Also in today's news roundup: Vodafone strikes a wholesale deal, former France Telecom execs stand trial for harassment.
Senators Amy Klobuchar (D-MN) and Shelley Moore Capito (R-WV) introduced the "Measuring the Economic Impact of Broadband Act," which would require the Secretary of Commerce, acting through the Director of the Bureau of Economic Analysis, to conduct a study of the effects of broadband deployment and adoption on the US economy. The senators, co-chairs of the Senate Broadband Caucus, are concerned the federal government measures the economic impact of many industries, but does not produce current, reliable statistics on the economic impact of broadband on the US economy. Said Klobuchar (also a Democrat presidential candidate):
On the 2020 Political Agenda: Broadband
Senator Amy Klobuchar (D-MN), running for president in 2020, has co-sponsored a bill to measure broadband's economic impact. (Source: Twitter)
"In the 21st-century economy, broadband is a critical force for creating jobs, leveling the playing field, and increasing opportunity. This bipartisan legislation will ensure that we have more reliable, publicly available economic data in order to make informed decisions about expanding broadband, connecting our communities, and keeping us competitive in an increasingly digital world."
Vodafone inked a wholesale deal with Telefónica Deutschland, giving Telefónica Deutschland access to the combined Vodafone/Unitymedia high-speed broadband network covering about 23.7 million German households. This agreement will help UK-based Vodafone get approval for its proposed €18.4 billion (US$20.93 billion) acquisition of Liberty Global's cable business in Germany, the Czech Republic, Hungary and Romania, which European regulators are scrutinizing.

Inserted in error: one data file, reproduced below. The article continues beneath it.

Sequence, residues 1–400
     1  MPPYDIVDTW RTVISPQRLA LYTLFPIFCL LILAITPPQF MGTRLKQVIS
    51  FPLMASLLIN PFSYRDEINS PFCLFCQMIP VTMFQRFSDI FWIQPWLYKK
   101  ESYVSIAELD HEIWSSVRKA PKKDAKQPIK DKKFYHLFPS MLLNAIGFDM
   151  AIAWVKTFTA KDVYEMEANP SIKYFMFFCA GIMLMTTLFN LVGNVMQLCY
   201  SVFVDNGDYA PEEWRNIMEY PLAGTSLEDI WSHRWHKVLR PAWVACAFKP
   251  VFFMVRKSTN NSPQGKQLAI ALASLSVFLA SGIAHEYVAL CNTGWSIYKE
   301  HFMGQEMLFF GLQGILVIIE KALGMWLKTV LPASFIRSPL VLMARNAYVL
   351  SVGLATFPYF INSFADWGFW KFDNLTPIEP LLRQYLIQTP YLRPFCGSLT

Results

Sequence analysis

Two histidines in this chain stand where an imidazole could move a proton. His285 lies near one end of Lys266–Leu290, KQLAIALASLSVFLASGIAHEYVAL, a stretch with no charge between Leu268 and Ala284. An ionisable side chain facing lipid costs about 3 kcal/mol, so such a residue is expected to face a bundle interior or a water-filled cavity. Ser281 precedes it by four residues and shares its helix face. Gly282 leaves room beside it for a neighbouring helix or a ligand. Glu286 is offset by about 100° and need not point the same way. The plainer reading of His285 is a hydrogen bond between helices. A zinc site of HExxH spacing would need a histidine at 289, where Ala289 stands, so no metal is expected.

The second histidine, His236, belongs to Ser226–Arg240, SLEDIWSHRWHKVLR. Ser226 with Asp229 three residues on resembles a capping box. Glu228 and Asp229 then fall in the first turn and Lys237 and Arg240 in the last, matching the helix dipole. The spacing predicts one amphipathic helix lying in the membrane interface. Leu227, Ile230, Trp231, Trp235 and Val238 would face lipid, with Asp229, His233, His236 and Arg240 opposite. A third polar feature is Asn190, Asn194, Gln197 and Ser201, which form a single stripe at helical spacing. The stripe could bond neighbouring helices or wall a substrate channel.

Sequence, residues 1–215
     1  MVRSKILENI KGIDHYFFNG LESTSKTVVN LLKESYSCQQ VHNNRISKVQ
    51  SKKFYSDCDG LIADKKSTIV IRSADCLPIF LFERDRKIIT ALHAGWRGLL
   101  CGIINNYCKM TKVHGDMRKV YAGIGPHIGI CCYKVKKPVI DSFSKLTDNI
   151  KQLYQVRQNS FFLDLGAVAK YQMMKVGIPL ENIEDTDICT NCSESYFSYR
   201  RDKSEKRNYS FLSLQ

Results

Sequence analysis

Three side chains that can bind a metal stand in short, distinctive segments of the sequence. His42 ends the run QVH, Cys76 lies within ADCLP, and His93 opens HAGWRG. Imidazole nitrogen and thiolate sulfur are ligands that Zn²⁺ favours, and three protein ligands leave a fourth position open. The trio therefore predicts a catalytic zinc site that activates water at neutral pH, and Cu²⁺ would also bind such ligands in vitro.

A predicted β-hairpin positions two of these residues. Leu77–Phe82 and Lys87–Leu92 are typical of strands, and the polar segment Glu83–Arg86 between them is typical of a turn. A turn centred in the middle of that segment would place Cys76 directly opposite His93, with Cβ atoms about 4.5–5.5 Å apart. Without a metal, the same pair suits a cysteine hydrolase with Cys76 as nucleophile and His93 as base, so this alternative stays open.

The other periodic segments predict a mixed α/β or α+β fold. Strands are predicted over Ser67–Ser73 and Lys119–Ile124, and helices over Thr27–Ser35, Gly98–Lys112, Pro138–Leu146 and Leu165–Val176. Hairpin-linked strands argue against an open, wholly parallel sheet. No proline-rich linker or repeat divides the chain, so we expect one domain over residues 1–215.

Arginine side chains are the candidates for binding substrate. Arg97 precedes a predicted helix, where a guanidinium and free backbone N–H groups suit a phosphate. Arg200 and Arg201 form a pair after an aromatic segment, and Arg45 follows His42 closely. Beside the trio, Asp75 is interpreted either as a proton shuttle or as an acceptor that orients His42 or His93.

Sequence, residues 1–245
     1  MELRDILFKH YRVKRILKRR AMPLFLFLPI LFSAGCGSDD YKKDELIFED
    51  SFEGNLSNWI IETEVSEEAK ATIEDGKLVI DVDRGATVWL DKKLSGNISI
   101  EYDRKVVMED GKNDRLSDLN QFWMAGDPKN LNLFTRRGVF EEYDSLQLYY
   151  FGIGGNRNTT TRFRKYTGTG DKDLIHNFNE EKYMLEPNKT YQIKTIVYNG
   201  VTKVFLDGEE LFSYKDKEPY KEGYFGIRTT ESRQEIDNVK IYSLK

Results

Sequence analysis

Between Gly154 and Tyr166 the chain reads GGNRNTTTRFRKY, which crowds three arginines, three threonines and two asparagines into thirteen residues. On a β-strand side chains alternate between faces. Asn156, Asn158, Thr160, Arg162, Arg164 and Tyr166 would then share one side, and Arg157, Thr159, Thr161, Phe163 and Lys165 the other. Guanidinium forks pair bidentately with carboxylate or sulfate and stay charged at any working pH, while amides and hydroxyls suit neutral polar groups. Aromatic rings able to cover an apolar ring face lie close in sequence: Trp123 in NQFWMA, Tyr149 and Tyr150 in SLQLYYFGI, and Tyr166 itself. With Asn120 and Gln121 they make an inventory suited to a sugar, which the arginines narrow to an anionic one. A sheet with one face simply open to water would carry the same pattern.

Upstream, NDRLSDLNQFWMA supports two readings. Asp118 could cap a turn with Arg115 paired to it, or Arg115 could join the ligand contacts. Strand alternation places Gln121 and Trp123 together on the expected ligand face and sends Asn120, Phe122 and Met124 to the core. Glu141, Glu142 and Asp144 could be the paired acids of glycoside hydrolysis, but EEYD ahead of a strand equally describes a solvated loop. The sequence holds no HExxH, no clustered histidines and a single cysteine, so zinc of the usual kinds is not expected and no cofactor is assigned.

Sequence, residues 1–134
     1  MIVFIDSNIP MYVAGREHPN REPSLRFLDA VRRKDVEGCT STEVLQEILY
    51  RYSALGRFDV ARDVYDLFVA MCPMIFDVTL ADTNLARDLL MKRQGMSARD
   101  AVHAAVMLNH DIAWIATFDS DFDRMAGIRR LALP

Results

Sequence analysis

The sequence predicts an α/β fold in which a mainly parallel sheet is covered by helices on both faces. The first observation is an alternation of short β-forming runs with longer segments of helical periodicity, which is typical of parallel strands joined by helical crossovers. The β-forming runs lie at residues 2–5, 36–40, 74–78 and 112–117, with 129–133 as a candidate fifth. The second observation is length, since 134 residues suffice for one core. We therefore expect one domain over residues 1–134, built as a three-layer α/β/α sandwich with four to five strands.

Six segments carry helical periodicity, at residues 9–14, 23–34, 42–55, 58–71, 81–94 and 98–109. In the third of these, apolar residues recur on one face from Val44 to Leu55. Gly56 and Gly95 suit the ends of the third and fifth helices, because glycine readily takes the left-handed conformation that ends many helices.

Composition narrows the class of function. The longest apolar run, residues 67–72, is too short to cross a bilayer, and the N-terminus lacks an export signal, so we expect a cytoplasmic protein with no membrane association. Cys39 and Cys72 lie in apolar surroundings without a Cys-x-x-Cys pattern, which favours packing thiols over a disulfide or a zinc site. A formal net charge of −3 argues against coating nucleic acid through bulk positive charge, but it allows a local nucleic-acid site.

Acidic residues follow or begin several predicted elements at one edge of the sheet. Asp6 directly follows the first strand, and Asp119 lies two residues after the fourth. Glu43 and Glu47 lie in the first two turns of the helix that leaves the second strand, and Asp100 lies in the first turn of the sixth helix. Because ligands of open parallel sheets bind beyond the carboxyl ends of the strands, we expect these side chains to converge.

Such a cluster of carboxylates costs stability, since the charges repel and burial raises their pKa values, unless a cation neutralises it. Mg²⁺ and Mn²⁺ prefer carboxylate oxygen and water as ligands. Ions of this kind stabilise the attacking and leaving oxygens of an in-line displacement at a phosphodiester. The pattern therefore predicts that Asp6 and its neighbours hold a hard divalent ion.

Deutsche Telekom -- which is arguing against the Vodafone deal -- completed a rebranding initiative. DT merged subsidiaries T-Mobile Austria and UPC Austria into Magenta Telekom, which will provide both fixed-line and mobile services in Austria.
Seven former senior executives at France Telecom, which became Orange, are on trial this week for allegedly creating (and, some have charged, exulting in) an atmosphere of terror that drove at least 19 employees to commit suicide, reported UK's The Telegraph. The reign of terror reportedly included relocating employees far from their families; moving people's jobs multiple times a year; "forgetting" workers after moving offices and leaving them in old locales without furniture or phones; and other mental, physical and emotional cruelties. Former President of France Telecom, Didier Lombard, second-in-command Louis-Pierre Wenes and former Human Resources Director Olivier Barberot face a maximum year in prison and €15,000 fine ($16,779.90). Four other executives face charges of complicity. The company faces a €75,000 ($83,899.50) fine. All pled not guilty.
Read the France Telecom story as it unfolded in Light Reading:
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